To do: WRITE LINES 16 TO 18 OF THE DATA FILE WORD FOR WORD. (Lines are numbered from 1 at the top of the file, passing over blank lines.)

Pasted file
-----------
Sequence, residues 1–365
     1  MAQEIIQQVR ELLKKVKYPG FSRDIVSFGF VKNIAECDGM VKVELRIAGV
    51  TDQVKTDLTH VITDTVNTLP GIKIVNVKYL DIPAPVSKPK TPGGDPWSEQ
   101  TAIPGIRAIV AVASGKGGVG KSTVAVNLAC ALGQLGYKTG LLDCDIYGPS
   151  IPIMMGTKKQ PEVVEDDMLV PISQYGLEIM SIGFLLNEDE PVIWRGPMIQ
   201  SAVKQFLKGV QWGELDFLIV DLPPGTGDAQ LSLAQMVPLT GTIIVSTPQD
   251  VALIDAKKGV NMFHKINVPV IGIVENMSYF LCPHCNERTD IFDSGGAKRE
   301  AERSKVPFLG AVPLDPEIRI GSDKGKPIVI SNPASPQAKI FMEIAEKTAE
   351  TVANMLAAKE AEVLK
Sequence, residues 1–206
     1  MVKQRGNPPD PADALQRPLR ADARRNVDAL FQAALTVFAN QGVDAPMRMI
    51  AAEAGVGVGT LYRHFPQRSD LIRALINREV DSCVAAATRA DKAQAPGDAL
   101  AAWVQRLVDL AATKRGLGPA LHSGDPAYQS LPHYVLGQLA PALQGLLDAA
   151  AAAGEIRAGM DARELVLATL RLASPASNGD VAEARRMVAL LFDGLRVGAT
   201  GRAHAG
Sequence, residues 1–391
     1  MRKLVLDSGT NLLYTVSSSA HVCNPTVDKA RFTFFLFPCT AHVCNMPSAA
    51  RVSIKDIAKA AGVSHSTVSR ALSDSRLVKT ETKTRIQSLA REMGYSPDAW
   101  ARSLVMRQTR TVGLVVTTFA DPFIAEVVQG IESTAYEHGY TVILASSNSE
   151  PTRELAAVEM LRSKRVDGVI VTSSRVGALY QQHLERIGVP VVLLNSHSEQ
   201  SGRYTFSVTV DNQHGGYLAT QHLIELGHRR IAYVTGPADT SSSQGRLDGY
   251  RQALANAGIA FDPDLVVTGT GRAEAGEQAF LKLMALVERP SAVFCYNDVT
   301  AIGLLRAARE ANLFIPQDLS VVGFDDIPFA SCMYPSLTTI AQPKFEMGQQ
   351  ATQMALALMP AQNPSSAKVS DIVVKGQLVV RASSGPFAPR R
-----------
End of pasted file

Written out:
Sequence, residues 1–391
     1  MRKLVLDSGT NLLYTVSSSA HVCNPTVDKA RFTFFLFPCT AHVCNMPSAA
    51  RVSIKDIAKA AGVSHSTVSR ALSDSRLVKT ETKTRIQSLA REMGYSPDAW